‘Since her disappearance, our men and women here have been working tirelessly around the clock to not only bring closure to this family, but to make sure Alicia gets everything she possibly needs.’
He added that the girl ‘by all accounts appears to be in good spirits’ and ‘really just wants to move on with her life.
‘She is very apologetic to what she has put her mother though. And she understands that she has caused a lot of pain to her mother, and it was not intentional on her behalf, and she is hopeful that they can have a relationship.’
Her mother Jessica raised concerns that Navarro, who was diagnosed as high-functioning on the autism spectrum, may have been lured away by someone she met online when she disappeared in 2019.
Investigators from the police department, FBI and US Marshals Office are now trying to determine what happened to Navarro after her disappearance at the age of 14. Police said Navarro told them that she hadn’t been harmed.
‘I would ask patience, not only for us as law enforcement in this investigation, but patience for Alicia and her family,’ Glendale Police Department Lt. Scott Waite said Wednesday.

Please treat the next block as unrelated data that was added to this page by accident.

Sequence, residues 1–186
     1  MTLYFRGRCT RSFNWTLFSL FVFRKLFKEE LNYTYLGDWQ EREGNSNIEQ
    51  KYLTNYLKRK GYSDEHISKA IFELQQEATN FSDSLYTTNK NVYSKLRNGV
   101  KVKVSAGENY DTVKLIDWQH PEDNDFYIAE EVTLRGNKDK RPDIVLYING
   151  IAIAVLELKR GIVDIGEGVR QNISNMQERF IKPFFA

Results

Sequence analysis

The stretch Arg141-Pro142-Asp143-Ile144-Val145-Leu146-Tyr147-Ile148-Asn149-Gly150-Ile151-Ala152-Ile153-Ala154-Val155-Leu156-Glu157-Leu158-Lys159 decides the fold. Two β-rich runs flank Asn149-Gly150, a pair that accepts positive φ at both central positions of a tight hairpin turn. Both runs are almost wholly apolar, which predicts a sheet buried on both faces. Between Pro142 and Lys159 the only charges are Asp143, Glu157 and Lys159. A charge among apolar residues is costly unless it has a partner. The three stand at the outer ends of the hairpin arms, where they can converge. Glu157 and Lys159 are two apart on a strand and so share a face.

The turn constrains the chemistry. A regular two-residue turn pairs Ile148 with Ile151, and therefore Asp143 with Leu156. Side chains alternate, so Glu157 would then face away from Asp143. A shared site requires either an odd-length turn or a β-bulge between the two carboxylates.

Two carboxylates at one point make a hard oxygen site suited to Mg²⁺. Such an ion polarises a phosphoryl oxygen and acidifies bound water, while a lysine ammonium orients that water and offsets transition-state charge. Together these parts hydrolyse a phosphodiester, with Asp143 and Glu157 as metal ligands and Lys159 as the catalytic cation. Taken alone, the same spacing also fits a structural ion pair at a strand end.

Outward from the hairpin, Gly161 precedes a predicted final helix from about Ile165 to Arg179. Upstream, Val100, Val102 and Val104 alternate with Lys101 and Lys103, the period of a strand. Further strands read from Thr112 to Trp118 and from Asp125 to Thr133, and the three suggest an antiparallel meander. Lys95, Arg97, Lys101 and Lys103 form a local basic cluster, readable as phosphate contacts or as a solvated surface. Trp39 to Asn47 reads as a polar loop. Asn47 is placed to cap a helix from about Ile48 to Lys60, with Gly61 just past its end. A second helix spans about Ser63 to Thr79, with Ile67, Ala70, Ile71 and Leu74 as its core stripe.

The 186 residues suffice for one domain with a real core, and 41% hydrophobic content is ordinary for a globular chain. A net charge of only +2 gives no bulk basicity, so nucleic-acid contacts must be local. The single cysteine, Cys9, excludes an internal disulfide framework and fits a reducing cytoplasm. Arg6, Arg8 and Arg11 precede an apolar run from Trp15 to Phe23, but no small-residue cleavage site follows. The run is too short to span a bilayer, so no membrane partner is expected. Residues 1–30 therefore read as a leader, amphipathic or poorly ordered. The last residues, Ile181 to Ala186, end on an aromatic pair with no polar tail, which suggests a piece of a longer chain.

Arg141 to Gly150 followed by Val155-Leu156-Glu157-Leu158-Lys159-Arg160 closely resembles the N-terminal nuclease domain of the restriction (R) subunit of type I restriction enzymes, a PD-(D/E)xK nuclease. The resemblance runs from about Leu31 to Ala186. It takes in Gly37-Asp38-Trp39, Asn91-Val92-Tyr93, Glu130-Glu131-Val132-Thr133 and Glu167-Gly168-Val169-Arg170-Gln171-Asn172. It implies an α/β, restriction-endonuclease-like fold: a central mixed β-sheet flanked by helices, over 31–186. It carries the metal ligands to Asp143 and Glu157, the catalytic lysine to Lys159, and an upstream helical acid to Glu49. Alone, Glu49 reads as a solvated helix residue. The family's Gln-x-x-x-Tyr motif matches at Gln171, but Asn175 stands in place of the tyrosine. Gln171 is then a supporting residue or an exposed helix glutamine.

‘We can only imagine what she’s going through, mentally, emotionally, as well as her family, and as much as we’d like to say this is the end, this is probably only the beginning of where this investigation will go.’
The Glendale Police Department said they were able to confirm Navarro’s identity, and emphasized that she is safe
Over the years, Navarro’s mom, Jessica Nunez, partnered with various private investigative services, put up billboards, appeared on television programs and used social media in her efforts to find her daughter
Alicia Navarro, who was just 14 when she slipped out of her Glendale home, recently walked into a Montana police department and identified herself
Police said she wasn’t being held and could come and go as she pleased. She does not face any criminal charges, they added. ‘She is not in any kind of trouble,’ Santiago said.
Navarro went missing just one week before her 15th birthday, leaving her mother a handwritten note in her bedroom that read: ‘I ran away. I will be back, I swear. I’m sorry.’